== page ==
How to Apply Sunscreen (and How Not to)
Sunscreen is kind of like toothpaste. If you don’t use enough—or use it incorrectly—it’s just not going to work. Only instead of gum disease and cavities, you’re leaving yourself open to premature aging (wrinkles, sagging, and melanin deposits caused by sun exposure) or worse, skin cancer.
While no sunscreen is 100 percent effective at blocking ultraviolet (UV) rays, many sunburns are caused by faulty or infrequent application.
About 100 percent of dermatologists say that most people don't follow the directions right on the bottle to re-apply sunscreen regularly. (And using last season's sunblock or one reaching its expiration date is not a great idea either.)
By wearing sunscreen correctly—and daily, you’ll not only help prevent scorching your skin, you’ll also help prevent sun damage, lessening your dependence on those skin repairing or anti-aging beauty products.
Keep reading for eight easy tips for applying sunscreen.
Originally posted January 5, 2011. Updated February 7, 2017.
How to apply sunscreen—in eight easy steps
1. Lay it on thick. Use a tablespoon of sunscreen (of at least an SPF 25) on your face, and about two ounces for your body. Unless you slather on a thick layer, you’re probably just getting an SPF 10 out of your SPF 30.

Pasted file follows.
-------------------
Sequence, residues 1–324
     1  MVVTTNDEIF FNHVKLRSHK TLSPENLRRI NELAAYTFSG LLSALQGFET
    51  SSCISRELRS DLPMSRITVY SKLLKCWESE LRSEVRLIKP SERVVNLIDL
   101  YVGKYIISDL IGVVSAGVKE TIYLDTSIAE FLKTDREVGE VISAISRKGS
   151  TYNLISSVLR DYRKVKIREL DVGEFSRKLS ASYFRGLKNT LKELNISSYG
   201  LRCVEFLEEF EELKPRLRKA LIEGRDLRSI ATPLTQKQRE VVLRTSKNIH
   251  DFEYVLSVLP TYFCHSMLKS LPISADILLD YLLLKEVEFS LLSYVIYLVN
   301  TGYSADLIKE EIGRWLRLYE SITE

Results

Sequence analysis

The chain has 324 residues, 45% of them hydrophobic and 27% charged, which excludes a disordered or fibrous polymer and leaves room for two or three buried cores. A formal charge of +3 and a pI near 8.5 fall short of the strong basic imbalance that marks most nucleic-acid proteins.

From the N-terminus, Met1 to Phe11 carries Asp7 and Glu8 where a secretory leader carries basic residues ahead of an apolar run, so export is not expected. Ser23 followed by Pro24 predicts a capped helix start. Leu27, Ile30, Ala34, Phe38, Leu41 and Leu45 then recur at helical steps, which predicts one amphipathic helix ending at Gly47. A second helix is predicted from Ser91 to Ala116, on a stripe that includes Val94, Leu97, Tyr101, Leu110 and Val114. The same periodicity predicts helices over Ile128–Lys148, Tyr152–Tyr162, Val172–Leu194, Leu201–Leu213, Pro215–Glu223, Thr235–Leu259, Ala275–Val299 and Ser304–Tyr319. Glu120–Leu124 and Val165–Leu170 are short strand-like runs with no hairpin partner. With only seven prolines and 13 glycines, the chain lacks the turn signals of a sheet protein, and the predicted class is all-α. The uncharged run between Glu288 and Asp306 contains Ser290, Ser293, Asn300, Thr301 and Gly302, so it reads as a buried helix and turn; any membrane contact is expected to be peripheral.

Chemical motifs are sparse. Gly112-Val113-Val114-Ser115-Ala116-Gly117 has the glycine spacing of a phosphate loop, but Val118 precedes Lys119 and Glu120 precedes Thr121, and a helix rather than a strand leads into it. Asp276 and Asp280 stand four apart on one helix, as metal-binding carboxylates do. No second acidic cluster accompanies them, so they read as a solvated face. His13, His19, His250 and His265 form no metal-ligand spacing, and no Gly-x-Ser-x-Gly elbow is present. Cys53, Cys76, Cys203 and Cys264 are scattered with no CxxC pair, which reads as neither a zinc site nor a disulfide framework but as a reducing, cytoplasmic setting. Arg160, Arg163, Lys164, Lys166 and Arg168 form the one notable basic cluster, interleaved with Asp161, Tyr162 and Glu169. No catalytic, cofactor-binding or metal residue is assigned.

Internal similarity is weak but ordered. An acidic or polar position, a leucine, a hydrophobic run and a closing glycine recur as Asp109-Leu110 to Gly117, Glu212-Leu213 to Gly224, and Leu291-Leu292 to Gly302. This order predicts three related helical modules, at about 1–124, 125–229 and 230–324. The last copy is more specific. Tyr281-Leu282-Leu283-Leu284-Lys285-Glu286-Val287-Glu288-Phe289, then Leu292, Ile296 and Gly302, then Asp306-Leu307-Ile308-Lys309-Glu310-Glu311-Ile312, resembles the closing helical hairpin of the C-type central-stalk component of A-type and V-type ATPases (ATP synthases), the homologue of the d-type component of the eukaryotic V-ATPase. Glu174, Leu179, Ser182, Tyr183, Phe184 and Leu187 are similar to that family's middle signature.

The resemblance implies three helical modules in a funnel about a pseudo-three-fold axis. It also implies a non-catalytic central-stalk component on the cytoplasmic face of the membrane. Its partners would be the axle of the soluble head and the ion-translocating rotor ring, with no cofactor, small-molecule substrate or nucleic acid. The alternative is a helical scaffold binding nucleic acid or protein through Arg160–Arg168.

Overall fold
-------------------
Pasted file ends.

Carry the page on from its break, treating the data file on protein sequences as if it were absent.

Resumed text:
2. Dot sunscreen directly onto your face—instead of squeezing a giant blob onto your hands and applying it. This technique helps it absorb more quickly and evenly.
3. Put sunscreen on first, then your moisturizer. Best to get it right on your clean, dry skin. However, this is less important if you use a zinc oxide or titanium dioxide sunscreen.
4. Use sunscreen daily. The majority of sun exposure is casual and incidental, meaning you get it walking to the subway or to get lunch or through your office window, say dermatologists.
5. Apply sunscreen before you go into the sun. Chemical sunscreens need time to be absorbed into the skin to work. So they require a head start of about 20 minutes.
6. Use zinc oxide if you need immediate sun protection. Both zinc and titanium dioxide are minerals that block the sun’s UV rays, so they work faster than chemical sunscreen ingredients, which must be absorbed to convert light to heat energy in your skin.
7. Reapply sunscreen every 90 minutes. A leading sunscreen formulator once told me that many sunscreens become unstable (that is, ineffective) when exposed to sunlight. Ironic, right? That means the stuff simply stops working, so you have to use more every couple hours. Think of it like mouthwash.
8. Touch up with mineral makeup. If you go out at lunch, your morning application of sunscreen is already useless. So touch up with a mineral-based powder that has an SPF. Many with zinc or titanium dioxide (like Jane Iredale) have an SPF 18 or 20.
After you stock on on these essential warm-weather beauty essentials, check out Elle Macpherson's advice for having dewy skin all season long.
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